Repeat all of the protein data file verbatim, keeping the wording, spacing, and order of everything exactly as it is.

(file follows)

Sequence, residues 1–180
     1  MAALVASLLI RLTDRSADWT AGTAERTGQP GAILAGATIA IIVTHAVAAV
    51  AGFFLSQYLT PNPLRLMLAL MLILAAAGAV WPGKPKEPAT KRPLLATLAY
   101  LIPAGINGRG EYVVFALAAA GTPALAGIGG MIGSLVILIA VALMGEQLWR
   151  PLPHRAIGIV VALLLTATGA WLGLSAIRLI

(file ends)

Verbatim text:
Sequence, residues 1–180
     1  MAALVASLLI RLTDRSADWT AGTAERTGQP GAILAGATIA IIVTHAVAAV
    51  AGFFLSQYLT PNPLRLMLAL MLILAAAGAV WPGKPKEPAT KRPLLATLAY
   101  LIPAGINGRG EYVVFALAAA GTPALAGIGG MIGSLVILIA VALMGEQLWR
   151  PLPHRAIGIV VALLLTATGA WLGLSAIRLI